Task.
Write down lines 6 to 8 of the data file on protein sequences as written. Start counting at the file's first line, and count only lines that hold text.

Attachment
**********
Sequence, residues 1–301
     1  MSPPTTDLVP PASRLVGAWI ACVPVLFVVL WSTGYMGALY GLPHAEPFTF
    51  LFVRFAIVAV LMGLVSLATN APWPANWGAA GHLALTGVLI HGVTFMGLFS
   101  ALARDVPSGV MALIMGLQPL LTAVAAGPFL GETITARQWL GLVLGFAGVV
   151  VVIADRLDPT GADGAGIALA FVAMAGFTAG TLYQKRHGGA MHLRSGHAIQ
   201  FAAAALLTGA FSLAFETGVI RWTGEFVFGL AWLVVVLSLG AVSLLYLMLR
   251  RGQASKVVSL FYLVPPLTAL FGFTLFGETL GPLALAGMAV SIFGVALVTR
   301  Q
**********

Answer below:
   201  FAAAALLTGA FSLAFETGVI RWTGEFVFGL AWLVVVLSLG AVSLLYLMLR
   251  RGQASKVVSL FYLVPPLTAL FGFTLFGETL GPLALAGMAV SIFGVALVTR
   301  Q